By 1910, the eastern Fraser Valley was prospering. The success of local farms attracted more settlers, which in turn resulted in improved amenities and transportation methods between communities. The BC Electric Railway reached Chilliwack, ferries travelled between Agassiz and Rosedale, and with the help of the logging industry and the recreational draw of Harrison Hot Springs, the roads were improving.
With the success of the hay and corn crops in the early twentieth century, Agassiz farmers were able to support larger dairy herds. The first registered Holstein-Friesians, a breed that originated in the Netherlands and is known today as the world’s highest milk producer, came to the community in 1912. The milk collected by these farmers supported the ever-growing coastal cities within the Fraser River Valley.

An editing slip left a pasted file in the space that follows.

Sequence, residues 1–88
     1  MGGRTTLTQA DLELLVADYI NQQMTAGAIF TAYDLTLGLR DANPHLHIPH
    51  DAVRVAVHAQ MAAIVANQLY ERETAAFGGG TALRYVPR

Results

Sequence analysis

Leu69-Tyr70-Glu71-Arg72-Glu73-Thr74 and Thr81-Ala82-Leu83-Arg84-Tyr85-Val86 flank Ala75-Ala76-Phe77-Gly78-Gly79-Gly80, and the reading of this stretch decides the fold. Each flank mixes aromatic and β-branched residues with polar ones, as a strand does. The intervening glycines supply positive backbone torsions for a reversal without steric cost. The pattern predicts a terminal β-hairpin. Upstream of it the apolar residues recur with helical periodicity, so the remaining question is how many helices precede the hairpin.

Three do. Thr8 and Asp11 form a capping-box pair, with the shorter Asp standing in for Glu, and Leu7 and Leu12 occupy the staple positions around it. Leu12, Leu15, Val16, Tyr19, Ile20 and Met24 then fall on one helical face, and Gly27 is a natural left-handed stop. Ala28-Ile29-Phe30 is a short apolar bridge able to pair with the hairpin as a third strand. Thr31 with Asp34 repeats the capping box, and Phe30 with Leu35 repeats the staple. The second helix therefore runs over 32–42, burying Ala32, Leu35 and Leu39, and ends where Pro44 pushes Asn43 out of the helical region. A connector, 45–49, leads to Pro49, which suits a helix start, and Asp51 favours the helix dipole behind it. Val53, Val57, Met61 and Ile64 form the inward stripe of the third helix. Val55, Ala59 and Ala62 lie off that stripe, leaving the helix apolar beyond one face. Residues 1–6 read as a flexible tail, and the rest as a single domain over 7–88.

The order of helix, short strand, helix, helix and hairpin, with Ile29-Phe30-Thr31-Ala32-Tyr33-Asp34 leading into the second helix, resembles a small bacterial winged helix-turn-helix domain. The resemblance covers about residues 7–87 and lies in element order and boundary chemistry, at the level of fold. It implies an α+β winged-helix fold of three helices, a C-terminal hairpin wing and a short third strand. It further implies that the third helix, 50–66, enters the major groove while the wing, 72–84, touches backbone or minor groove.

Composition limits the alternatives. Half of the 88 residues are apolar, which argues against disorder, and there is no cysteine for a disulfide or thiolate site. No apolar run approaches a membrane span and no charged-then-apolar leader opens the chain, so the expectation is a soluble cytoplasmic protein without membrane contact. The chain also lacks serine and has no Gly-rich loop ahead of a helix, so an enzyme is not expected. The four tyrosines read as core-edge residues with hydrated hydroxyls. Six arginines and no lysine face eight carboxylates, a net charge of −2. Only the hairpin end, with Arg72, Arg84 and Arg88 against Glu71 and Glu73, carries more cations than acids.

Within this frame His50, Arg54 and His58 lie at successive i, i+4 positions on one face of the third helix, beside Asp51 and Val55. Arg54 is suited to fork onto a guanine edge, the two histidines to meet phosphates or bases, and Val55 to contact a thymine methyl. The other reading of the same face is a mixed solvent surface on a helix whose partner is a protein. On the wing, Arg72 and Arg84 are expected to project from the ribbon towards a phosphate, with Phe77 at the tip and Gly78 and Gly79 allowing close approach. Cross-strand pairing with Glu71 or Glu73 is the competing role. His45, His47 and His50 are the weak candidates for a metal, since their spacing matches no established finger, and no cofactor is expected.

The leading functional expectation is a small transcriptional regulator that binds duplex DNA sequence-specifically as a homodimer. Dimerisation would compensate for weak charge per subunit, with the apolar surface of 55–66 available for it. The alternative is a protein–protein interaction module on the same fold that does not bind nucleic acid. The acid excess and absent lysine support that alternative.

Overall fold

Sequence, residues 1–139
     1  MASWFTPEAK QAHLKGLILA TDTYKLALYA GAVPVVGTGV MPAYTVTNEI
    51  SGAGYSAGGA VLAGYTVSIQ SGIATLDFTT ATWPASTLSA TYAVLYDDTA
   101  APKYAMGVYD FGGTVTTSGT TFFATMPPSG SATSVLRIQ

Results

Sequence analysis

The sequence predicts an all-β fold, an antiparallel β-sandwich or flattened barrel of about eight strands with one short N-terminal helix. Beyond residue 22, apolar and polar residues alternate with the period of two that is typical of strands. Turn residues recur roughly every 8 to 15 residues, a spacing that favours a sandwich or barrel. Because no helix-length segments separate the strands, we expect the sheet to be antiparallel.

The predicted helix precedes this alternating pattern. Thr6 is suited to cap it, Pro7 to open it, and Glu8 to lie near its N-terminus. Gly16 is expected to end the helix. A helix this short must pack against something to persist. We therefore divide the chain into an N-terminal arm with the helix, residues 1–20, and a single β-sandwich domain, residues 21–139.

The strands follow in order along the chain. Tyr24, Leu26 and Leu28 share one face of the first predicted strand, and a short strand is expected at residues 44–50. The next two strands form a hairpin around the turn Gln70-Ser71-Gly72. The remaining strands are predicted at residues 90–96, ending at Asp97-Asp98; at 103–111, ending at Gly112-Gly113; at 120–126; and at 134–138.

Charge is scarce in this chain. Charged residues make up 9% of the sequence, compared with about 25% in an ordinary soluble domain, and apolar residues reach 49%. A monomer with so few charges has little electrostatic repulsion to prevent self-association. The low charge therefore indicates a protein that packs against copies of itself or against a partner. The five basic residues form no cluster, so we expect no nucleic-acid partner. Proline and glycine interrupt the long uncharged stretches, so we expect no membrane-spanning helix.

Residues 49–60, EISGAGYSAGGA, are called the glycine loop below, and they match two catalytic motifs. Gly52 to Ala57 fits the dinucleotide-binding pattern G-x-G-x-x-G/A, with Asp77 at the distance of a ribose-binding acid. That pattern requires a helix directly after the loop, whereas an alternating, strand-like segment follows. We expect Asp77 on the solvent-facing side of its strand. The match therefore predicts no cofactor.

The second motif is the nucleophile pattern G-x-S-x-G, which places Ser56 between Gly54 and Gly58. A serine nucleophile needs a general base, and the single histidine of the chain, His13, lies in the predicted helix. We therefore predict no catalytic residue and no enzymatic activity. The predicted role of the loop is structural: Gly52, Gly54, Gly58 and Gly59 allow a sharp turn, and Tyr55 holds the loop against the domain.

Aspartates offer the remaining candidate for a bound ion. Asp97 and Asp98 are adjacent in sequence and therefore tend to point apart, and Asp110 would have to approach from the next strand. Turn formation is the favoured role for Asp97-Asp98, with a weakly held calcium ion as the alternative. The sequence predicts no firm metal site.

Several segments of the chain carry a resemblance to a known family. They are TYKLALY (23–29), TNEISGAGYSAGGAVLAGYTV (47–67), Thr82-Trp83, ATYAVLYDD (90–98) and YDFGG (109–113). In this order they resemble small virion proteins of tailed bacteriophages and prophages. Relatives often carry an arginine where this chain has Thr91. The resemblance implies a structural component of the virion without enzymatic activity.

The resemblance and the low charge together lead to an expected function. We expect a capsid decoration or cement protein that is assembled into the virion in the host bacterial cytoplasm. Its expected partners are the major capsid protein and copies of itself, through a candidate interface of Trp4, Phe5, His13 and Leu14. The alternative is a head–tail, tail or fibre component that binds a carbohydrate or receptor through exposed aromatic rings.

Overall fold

Local farmer’s co-operatives also began to form around this time. These organizations ensured that a fair price was received for, and that all farms received equal representation of, their dairy products. A special train, the “milk train,” picked up the farmers’ milk from designated stations each day and transported it to Vancouver. Beginning in 1924 the Fraser Valley Milk Producers Association began to operate out of Chilliwack. The farmers stored milk in stainless steel cannisters that were placed on milk stands. Milk was picked up by truck from the Agassiz farms and delivered to the plant in Sardis across the Fraser River, from which it was further distributed.